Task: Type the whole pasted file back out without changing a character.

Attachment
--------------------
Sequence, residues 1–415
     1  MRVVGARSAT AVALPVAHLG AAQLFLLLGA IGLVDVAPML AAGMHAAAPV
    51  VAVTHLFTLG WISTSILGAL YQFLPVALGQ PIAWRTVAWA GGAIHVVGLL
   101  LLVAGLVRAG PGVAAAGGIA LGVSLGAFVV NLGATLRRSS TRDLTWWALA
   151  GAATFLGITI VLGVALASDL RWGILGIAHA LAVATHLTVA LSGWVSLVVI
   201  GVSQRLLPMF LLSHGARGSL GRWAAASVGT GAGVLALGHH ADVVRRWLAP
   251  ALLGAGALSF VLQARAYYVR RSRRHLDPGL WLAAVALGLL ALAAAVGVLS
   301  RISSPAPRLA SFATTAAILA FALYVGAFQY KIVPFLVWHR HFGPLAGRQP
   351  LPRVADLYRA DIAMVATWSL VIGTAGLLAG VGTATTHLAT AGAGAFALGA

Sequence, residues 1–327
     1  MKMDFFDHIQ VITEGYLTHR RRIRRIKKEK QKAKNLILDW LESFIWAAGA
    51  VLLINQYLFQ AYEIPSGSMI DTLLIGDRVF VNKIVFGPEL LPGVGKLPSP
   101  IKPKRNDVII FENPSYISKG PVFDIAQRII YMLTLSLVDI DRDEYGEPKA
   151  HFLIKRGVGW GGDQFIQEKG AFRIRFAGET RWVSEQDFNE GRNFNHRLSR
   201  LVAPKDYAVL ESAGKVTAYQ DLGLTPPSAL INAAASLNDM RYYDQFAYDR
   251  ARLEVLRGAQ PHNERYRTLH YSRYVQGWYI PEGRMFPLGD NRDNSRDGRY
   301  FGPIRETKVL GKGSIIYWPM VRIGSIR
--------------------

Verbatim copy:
Sequence, residues 1–415
     1  MRVVGARSAT AVALPVAHLG AAQLFLLLGA IGLVDVAPML AAGMHAAAPV
    51  VAVTHLFTLG WISTSILGAL YQFLPVALGQ PIAWRTVAWA GGAIHVVGLL
   101  LLVAGLVRAG PGVAAAGGIA LGVSLGAFVV NLGATLRRSS TRDLTWWALA
   151  GAATFLGITI VLGVALASDL RWGILGIAHA LAVATHLTVA LSGWVSLVVI
   201  GVSQRLLPMF LLSHGARGSL GRWAAASVGT GAGVLALGHH ADVVRRWLAP
   251  ALLGAGALSF VLQARAYYVR RSRRHLDPGL WLAAVALGLL ALAAAVGVLS
   301  RISSPAPRLA SFATTAAILA FALYVGAFQY KIVPFLVWHR HFGPLAGRQP
   351  LPRVADLYRA DIAMVATWSL VIGTAGLLAG VGTATTHLAT AGAGAFALGA

Sequence, residues 1–327
     1  MKMDFFDHIQ VITEGYLTHR RRIRRIKKEK QKAKNLILDW LESFIWAAGA
    51  VLLINQYLFQ AYEIPSGSMI DTLLIGDRVF VNKIVFGPEL LPGVGKLPSP
   101  IKPKRNDVII FENPSYISKG PVFDIAQRII YMLTLSLVDI DRDEYGEPKA
   151  HFLIKRGVGW GGDQFIQEKG AFRIRFAGET RWVSEQDFNE GRNFNHRLSR
   201  LVAPKDYAVL ESAGKVTAYQ DLGLTPPSAL INAAASLNDM RYYDQFAYDR
   251  ARLEVLRGAQ PHNERYRTLH YSRYVQGWYI PEGRMFPLGD NRDNSRDGRY
   301  FGPIRETKVL GKGSIIYWPM VRIGSIR